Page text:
SARS-CoV-2 falls within the same size range (60–140 nm) and shape (spherical)3 as commonly studied synthetic nanoparticles12,13. Therefore, it is possible that one of the mechanisms responsible for chloroquine-mediated effects against SARS-CoV-2 is a general decrease in the ability of cells to perform clathrin-mediated endocytosis of nanosized structures due to PICALM suppression (Fig. 1). Other Coronaviridae are known to enter host cells through receptor-mediated endocytosis, although direct fusion with the plasma membrane has also been reported. For example, the SARS-CoV virus identified in 2003 and the human coronavirus NL63 (HCoV-NL63) identified in 2004 bind to the angiotensin-converting enzyme 2 (ACE2) receptor, triggering endocytosis-driven cell entry14,15. Both clathrin-mediated and clathrin/caveolae-independent endocytosis mechanisms have been described for SARS-CoV entry in human cells16,17. SARS-CoV-2 might use similar ACE2-mediated mechanisms of cell entry
Moreover, chloroquine-induced prevention of endosome–lysosome fusion is likely to interfere with general endocytic trafficking, such as membrane receptor recycling, which is thought to be required for SARS-CoV-2 cellular entry. However, previous studies have revealed that chloroquine has therapeutic activity against SARS-CoV in cell culture but does not alter cell-surface levels of ACE27. Additionally, therapeutic doses of chloroquine did not substantially change the biosynthesis or glycosylation of the SARS-CoV spike glycoprotein7. On the contrary, terminal glycosylation of the ACE2 receptor was impaired, which may affect viral binding7. Chloroquine has been shown to display anti-SARS-CoV activity in cell culture even when administered after viral uptake7, suggesting that multiple beneficial mechanisms may be involved. Upon entry into cells via endocytosis, the spike protein on the surface of the virion must be cleaved by resident endosomal proteases such as cathepsins, which are activated upon acidification of the endosome. This cleavage induces a conformational change in the spike protein bringing the viral envelope and the endosomal membrane together to enable fusion. Chloroquine-induced inhibition of endosomal acidification is likely to alter this fusion event, stalling the virus in endosomes.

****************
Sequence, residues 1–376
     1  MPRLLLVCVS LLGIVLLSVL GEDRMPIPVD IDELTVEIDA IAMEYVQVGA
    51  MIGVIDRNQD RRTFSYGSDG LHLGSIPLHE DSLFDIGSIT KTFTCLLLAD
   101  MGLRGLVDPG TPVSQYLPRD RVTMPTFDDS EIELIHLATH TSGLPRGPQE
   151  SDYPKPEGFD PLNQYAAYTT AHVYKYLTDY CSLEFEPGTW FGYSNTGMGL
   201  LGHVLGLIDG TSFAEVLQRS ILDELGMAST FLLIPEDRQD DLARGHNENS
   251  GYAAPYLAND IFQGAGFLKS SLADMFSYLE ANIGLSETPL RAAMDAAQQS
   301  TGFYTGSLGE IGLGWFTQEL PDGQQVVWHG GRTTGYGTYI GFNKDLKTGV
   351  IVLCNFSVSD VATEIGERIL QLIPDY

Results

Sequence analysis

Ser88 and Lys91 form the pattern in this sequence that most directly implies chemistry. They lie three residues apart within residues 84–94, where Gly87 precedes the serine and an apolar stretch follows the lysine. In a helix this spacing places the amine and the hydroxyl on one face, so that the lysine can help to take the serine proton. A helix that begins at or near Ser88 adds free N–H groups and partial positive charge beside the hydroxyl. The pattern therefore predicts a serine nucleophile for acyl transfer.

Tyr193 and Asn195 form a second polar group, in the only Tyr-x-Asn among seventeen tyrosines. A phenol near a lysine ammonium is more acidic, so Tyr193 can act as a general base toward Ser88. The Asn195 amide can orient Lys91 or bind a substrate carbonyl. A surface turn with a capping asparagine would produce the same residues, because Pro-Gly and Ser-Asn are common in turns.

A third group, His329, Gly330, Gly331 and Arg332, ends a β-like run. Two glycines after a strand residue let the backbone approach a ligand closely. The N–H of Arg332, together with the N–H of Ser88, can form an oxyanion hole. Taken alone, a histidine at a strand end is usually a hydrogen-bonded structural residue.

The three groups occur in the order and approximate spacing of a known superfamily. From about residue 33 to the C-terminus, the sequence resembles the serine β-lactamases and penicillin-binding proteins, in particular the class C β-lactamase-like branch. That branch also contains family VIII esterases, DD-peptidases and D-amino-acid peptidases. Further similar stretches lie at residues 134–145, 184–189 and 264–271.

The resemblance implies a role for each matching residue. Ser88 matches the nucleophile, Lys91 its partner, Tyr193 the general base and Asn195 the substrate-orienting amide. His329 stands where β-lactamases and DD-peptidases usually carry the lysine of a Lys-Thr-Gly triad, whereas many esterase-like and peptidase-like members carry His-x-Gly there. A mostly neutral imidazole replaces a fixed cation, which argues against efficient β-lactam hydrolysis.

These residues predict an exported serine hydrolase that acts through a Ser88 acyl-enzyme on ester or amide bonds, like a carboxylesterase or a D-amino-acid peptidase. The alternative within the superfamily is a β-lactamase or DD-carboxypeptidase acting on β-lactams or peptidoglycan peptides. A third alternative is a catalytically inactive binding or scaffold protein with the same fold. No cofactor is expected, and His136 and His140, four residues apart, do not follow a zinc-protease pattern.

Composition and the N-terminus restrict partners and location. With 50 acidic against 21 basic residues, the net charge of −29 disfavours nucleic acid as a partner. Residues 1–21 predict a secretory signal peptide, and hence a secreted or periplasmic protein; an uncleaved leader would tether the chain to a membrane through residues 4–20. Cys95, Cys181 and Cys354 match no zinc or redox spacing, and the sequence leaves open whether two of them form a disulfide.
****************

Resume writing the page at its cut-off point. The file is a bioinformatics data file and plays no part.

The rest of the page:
Reference & Source information: https://www.nature.com/
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